Establishing a new title and getting people to try it out, that can be a tough prospect. I’m doing everything I can to make sure readers and retailers can see that we’re hauling ass on this and doing everything we can to launch strongly.

Japanese mythology has been left largely unexplored in Western fiction. It must be exciting to introduce such a rich world to readers who are largely unfamiliar with it.

Absolutely. Japanese mythic lore is such fertile ground for exploration on so many levels and I’m incredibly stoked to be able to use that foundation and bring a modern spin to it. Readers won’t need any prior knowledge in order to dive in and enjoy the character story but, by the time they’re done reading, I hope they’re intrigued and want to read more.

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Cover art by Alina Urusov.

What kind of Japanese mythical elements will we see in WaywardGhosts? Demons? Gods?

Yes. Yes. No comment. :)

The sheer variety of yokai at our fingertips is kind of staggering. I feel like our first story arc is just scratching the surface and that’s a very cool feeling.

That being said, I don’t want people to get the wrong idea that it’s all monsters all the time. Yes, the creatures and spirits are important, but it’s a really a story about these teenagers in Tokyo and their struggles.

Is Wayward Rori’s story, or do you consider it more of an ensemble piece?

It’s an ensemble, but Rori is our touchstone character who brings readers into that world, so the first arc is heavily weighted around her experiences. As the story goes on it expands past her and takes on a larger scope.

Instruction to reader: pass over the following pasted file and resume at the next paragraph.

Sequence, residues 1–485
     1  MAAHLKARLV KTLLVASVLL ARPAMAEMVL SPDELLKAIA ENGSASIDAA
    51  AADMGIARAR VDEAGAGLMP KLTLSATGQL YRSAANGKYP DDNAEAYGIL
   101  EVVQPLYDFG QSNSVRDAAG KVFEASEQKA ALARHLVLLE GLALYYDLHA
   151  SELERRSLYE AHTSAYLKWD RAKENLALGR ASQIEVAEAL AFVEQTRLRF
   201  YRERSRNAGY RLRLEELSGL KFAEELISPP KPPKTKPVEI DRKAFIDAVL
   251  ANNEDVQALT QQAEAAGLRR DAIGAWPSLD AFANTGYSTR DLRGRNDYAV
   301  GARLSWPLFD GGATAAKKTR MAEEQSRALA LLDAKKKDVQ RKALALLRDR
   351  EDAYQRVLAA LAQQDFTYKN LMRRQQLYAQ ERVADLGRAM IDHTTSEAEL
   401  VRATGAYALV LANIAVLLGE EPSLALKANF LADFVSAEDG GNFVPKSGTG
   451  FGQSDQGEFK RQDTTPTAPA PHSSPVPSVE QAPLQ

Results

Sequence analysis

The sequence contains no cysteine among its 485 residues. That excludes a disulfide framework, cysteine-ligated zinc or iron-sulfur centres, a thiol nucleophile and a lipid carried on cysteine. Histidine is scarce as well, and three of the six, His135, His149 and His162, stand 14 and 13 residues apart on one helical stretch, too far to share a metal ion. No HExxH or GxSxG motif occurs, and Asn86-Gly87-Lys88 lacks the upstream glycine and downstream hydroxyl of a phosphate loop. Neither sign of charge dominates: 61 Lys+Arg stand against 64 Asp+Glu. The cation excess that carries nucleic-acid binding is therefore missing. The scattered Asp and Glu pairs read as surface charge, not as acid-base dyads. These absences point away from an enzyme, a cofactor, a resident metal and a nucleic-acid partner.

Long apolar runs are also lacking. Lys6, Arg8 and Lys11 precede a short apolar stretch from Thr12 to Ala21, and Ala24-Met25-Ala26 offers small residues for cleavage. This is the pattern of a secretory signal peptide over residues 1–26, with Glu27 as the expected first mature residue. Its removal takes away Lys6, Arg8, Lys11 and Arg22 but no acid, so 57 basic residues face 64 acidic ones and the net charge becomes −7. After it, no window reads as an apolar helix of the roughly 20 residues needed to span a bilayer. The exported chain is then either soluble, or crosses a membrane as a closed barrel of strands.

How far have you laid out Wayward? Is there an overarching story you’re telling?

The first arc is obviously tightly written and I know where our second arc goes, though Steve and I are still brainstorming ideas that will be a part of it. I’m really hoping readers connect with our cast and we launch strong so we can have a long and healthy run where we can explore bigger ideas about myth, belief, and supernatural elements in the modern world.

Interior art drawn by Steve Cummings with colors by John Rauch and Jim Zub.

Interior art drawn by Steve Cummings with colors by John Rauch and Jim Zub.

You and Steve Cummings created this series together. What were some of the benefits of knowing who was going to be drawing your story from the start?

Building a story with an artist and feeding off each other’s strengths right from the get-go is really empowering. There’s an enthusiasm and interplay that I don’t think you get when you’re writing a concept for no one in particular. Steve wanted to do an urban supernatural story set in Tokyo and I was eager to write something dark and engaging to meet that vision. The visual elements were right there from the start and in a visual medium like comics that’s ideal.